Leukoplakia is a condition where thick, white patches form on the lining of the cheeks and/or tongue. While it is true that smoking is the usual cause for this condition – hence why it is often called smoker’s keratosis) – other irritants may also contribute.
Mild leukoplakia is commonly harmless and typically goes away by itself. However, more severe cases may be associated with oral cancer. Thus, the latter must be given the proper treatment right away. In either scenario, leukoplakia cannot simply be scraped off the tongue.
Luckily, regular dental care can significantly help thwart recurrences of leukoplakia.
Symptoms of Leukoplakia:
Leukoplakia is identified by strange-looking patches within the mouth. These differ in appearance. Normally, patches resulting from this condition have the following traits:
- Gray or white in color
- Raised, hard, thick surface
- Rare: Red spots or general redness (may be an indication of cancer)
While leukoplakia is usually found on the tongue, the gums and cheeks are also susceptible. The patches may take a few weeks to develop. However, these are seldom painful. Some women also encounter leukoplakia in the vulva area which lies outside the genitals.
Causes of Leukoplakia
The true causes of this condition are still unknown. However, leukoplakia’s connection to tobacco is fairly firm. As revealed by research 3 out of 4 tobacco users will likely to develop leukoplakia at some point in time.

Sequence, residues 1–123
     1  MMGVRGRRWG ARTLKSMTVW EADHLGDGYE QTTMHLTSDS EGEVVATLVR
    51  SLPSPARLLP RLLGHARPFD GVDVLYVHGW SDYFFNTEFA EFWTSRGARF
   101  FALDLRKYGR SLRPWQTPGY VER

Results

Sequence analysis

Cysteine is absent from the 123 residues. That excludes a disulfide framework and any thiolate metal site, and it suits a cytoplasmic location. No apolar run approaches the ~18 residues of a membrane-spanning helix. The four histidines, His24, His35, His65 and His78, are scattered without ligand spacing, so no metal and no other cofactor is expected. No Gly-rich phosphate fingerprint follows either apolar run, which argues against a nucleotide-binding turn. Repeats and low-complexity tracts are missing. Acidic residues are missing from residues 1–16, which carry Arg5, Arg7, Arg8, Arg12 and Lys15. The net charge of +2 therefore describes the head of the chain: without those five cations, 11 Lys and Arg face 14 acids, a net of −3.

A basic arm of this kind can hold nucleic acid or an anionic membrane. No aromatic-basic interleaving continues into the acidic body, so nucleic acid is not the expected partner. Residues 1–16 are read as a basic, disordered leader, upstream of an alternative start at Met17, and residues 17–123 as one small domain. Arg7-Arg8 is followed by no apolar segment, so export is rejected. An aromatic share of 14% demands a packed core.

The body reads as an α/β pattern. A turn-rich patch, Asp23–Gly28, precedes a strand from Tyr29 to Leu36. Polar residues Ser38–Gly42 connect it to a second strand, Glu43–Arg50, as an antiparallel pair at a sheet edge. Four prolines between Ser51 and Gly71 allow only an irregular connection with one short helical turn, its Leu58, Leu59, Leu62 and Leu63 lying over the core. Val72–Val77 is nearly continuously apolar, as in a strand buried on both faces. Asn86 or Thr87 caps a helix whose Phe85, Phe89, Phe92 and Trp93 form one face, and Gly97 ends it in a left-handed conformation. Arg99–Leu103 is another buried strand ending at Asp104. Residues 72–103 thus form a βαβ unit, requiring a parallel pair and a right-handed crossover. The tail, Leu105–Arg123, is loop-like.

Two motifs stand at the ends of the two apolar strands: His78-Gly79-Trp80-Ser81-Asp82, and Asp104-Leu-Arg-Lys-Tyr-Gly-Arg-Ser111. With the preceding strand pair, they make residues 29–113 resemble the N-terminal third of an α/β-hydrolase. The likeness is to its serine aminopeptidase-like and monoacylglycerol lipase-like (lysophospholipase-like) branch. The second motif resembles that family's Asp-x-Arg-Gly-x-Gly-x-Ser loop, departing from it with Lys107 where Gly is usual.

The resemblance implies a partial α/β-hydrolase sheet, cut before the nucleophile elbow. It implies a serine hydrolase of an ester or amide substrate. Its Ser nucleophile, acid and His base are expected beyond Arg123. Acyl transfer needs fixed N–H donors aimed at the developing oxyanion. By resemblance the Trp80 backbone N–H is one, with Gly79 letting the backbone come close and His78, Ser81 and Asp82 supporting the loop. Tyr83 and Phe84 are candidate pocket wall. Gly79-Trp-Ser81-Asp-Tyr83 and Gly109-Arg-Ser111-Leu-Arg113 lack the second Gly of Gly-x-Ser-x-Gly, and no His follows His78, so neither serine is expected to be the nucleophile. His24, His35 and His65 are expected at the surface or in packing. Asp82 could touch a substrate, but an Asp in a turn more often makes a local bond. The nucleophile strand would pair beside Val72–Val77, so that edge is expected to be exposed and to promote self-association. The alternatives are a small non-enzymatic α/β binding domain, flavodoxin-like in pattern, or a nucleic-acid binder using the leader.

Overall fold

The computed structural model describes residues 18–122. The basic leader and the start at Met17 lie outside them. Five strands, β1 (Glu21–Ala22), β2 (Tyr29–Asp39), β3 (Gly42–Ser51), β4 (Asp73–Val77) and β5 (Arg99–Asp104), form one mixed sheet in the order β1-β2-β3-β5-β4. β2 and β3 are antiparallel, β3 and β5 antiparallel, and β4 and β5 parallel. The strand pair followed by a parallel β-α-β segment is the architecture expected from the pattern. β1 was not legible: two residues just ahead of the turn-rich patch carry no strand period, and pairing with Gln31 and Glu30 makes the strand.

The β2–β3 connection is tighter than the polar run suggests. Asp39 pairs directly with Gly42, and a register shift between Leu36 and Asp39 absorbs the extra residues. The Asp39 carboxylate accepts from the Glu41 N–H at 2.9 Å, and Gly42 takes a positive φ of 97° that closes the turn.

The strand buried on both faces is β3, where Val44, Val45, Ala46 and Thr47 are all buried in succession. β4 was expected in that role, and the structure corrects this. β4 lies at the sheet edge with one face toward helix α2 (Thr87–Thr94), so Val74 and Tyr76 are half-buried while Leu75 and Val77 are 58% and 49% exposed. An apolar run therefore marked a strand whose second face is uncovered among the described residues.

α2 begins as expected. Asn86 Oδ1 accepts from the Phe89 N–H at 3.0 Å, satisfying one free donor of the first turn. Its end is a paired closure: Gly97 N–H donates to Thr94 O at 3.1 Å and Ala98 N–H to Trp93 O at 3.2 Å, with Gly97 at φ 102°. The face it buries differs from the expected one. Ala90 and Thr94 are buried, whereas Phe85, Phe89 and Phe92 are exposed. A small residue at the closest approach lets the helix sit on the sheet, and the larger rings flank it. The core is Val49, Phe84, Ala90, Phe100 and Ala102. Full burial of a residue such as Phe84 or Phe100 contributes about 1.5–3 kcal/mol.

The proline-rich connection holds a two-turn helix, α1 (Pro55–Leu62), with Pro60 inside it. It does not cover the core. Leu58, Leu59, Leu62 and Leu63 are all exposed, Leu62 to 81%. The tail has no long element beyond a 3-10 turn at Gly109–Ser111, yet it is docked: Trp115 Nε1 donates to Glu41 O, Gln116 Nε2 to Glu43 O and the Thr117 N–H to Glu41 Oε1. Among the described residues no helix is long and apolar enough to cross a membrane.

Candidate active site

Other causes comprise of:
- An uneven, rough tongue
- Ill-fitting dentures
- Biting the insides of the cheek(s)
- Excess sun exposure on the lips
- HIV or AIDS
- Oral cancer
What is Hairy Leukoplakia?
EBV, otherwise known as Epstein-Barr virus, is the primary cause of this condition. Once a person acquires this virus, it lingers in the body.
Although this virus is dormant, this can still cause hairy leukoplakia patches to occur at any period. Additionally, outbreaks are more common in people who suffer from HIV/AIDS or another disease or ailment that causes the immune system to become suppressed.
The dentist will diagnose leukoplakia upon thorough examination. Although, a biopsy is the best indicator in the diagnosis of this condition. That way, pinpointing other possible causes like oral cancer can be possible.
To complete a biopsy, a tiny piece of tissue from the lesion will be extracted to test in the laboratory. A numbing agent is typically applied prior, so the patient won’t encounter pain from the tissue extraction.
When to See a Doctor
There are times when mouth sores can be painful or merely discomforting. In some cases, oral health complications can pinpoint a more serious condition.
It is advisable to see the dentist at once if any of the following occur:
- Lumps, dark, or red or white patches in the mouth
- Sores in the mouth that do not heal on their own within 2 weeks
- Persistent changes in the mouth’s tissues
To prepare for your dental appointment, it is helpful to make a list of:
- Essential dental and medical information like prior instances of symptoms and treatments (if any)
- The current symptoms you’re facing
- All supplements, vitamins, and medications you take regularly
- Questions to ask the dentist, primarily from the most to least important